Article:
Thompkins sees growth in himself, team
UNIVERSITY PARK — It was never a confidence issue with DeAndre Thompkins. It was more of a timing issue.
The receiver didn’t have anything to show from his role with the offense following wins over Appalachian State and Pittsburgh to start the season. That all changed in Penn State’s clobbering of Kent State last weekend, reeling in four catches on four targets for 101 yards and a touchdown reception.
Not bad for someone who had to learn the ins and outs of playing wide receiver when arriving at Penn State because his dynamic style of play never held him to one set position in high school.
Despite not contributing in the receiver role in the first two games, his self-confidence never wavered any.
“I always have confidence in myself so it wasn’t really a turning point,” Thompkins said. “It was just when I get an opportunity, I take advantage of it. Confidence comes from knowing your opponent and just having the confidence in yourself as a football player.”
Thompkins has found other means in contributing to the Lions’ early-season success serving as the team’s punt returner. He has six returns for 130 yards (averaging 43.3 a game) with a 39-yard touchdown return at Pitt. He says, “Fearlessness and confidence are pretty much the two components you need (to be a punt returner).”
But he, like so many other of his teammates, has taken coach James Franklin’s approach and is not looking in the rear view mirror, but rather, ahead to Illinois.
Thompkins, again, doesn’t lack the confidence heading into the matchup, but rather, has excitement for what both teams can bring to the field.
“They’re a very talented (defense). They’re very good on third down. They’re also very good at turnovers so it’s going to be a very interesting game,” he said. “We pride ourselves on not turning the ball over and we also pride ourselves on percentage on third down. So I expect a hard-nosed team fighting on every down and it’s just going to be a good battle.”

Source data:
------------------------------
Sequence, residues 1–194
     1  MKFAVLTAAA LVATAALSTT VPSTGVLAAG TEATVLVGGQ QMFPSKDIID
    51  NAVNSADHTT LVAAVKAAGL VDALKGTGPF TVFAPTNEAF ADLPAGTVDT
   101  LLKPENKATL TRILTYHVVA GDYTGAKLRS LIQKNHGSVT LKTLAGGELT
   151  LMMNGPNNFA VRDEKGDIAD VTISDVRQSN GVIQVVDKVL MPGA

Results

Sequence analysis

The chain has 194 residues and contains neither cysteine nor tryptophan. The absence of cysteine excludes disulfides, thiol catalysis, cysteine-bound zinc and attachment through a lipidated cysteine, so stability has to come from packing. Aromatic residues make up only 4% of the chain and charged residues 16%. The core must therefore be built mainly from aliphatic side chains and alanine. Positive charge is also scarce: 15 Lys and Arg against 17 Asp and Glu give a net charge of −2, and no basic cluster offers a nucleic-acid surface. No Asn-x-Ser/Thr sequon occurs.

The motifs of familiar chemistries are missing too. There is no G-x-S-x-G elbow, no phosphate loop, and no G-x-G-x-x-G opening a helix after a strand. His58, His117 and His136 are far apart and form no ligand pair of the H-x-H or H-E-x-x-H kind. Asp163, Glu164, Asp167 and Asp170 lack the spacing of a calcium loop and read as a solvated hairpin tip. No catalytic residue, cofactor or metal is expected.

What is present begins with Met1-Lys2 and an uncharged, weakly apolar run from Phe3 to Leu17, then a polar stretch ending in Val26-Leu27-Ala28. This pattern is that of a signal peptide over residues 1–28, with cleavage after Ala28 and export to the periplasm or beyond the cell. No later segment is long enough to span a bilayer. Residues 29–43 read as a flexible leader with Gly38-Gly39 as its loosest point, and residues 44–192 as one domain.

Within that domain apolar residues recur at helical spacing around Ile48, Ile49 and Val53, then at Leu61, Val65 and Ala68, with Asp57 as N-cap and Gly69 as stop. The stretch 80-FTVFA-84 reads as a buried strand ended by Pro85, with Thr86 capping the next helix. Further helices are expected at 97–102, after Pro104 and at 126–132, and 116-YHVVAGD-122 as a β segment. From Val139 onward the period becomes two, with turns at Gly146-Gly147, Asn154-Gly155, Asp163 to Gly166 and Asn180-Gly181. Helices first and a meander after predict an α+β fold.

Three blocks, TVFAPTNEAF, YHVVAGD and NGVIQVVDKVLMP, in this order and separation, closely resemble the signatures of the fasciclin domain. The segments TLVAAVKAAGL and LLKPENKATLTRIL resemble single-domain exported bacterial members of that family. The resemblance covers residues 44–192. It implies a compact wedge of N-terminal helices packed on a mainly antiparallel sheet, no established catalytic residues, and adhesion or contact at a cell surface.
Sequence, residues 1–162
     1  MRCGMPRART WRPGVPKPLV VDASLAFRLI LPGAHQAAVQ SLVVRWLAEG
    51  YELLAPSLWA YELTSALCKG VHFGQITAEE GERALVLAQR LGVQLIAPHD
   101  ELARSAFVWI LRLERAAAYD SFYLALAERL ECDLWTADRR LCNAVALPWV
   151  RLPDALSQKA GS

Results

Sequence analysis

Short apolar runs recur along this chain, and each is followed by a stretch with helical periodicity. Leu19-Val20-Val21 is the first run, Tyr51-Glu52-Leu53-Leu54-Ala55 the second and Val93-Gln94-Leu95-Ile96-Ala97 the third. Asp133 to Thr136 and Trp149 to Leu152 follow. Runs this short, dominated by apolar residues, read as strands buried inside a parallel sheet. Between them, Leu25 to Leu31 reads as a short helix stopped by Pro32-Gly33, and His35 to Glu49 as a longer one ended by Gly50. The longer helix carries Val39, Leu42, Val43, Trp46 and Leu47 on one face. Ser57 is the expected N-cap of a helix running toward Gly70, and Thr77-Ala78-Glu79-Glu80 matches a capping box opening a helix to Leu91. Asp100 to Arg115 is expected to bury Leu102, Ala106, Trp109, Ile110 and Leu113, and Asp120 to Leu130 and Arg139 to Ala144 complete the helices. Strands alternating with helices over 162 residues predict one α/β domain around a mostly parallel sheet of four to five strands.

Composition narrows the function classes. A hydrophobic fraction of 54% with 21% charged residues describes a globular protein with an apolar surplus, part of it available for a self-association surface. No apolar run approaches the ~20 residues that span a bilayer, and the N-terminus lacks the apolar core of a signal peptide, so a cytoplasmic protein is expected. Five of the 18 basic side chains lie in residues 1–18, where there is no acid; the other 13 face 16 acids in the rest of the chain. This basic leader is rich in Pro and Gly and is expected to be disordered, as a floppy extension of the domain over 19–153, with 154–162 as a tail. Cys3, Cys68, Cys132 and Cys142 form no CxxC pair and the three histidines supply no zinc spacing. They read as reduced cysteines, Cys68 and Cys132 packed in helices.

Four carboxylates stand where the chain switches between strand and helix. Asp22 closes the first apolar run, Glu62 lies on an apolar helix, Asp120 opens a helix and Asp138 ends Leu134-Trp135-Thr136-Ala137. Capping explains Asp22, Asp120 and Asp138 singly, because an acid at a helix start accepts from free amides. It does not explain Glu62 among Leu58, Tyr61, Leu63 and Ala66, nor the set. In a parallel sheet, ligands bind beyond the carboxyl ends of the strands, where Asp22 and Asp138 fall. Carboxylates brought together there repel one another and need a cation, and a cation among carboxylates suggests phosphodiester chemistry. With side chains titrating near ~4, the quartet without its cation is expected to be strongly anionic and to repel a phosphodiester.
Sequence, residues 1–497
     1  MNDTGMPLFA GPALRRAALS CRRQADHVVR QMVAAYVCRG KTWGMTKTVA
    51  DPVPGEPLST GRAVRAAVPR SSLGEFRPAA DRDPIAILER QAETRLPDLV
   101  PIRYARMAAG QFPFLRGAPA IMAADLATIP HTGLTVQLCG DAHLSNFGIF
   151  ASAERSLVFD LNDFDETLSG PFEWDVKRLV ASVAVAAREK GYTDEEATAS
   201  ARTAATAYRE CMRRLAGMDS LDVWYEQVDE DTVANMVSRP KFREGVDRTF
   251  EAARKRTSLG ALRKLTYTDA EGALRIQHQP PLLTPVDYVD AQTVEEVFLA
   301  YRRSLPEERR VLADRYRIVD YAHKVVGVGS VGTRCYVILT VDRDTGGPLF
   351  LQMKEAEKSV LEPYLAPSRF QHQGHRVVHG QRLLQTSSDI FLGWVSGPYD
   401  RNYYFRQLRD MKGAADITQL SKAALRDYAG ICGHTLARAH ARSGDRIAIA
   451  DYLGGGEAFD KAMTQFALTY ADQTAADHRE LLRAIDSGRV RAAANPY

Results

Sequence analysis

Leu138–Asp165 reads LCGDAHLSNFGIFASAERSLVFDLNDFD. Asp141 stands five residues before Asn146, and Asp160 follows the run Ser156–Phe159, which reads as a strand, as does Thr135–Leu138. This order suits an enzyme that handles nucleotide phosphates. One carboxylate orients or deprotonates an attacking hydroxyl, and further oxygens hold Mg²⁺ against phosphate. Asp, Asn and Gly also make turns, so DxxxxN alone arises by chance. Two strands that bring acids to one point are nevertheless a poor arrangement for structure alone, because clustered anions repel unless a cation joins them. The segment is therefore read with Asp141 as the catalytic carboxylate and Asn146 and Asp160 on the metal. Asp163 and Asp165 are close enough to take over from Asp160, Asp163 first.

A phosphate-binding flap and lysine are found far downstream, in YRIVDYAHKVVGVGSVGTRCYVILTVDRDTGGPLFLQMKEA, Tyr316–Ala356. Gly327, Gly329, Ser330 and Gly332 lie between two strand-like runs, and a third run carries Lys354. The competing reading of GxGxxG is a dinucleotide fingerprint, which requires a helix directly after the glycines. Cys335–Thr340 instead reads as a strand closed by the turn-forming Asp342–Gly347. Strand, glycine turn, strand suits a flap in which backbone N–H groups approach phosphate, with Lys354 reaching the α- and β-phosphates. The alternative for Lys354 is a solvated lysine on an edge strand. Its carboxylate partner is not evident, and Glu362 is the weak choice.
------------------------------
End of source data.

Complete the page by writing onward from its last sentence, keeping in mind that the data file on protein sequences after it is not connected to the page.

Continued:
This marks the first time since 2014 — Thompkins’ and Franklin ‘s first season at Penn State — that the Lions will make the trek to Champaign. The circumstances are far and away better for Penn State — last time in Illinois, the Lions fell to the Fighting Illini, 16-14, and were in the midst of losing six of their last nine contests that year.
This time, the Lions find themselves in a really good spot — ranked 10th in the country as Big Ten play opens up for them.
“There’s a lot we’ve gone through adversity wise,” Thompkins said. “I just think (the biggest difference between 2014 and now is) trust overall in the coaches and having a strong bond with each member of this team with each year going, it’s getting stronger and stronger. That’s the most consistent thing that’s been on the rise since day one: the relationship between the players and coaches and the relationship between player and player.”
What a relief
With Hurricane Florence hitting much of the east coast, and especially the Carolinas, Thompkins, a resident of Hubert, North Carolina, said his family is safe and sound. The storm has caused major flooding throughout the southeastern region.
“A lot of people are being sheltered at my high school where they have food and water,” Thompkins said. “A lot of people have had their homes destroyed. … They’re planning on bringing the community together and find ways to rebuild the confidence in everybody in the little town I’m in. Everything’s going well, not good, but everybody’s safe. Most importantly, my family’s safe.”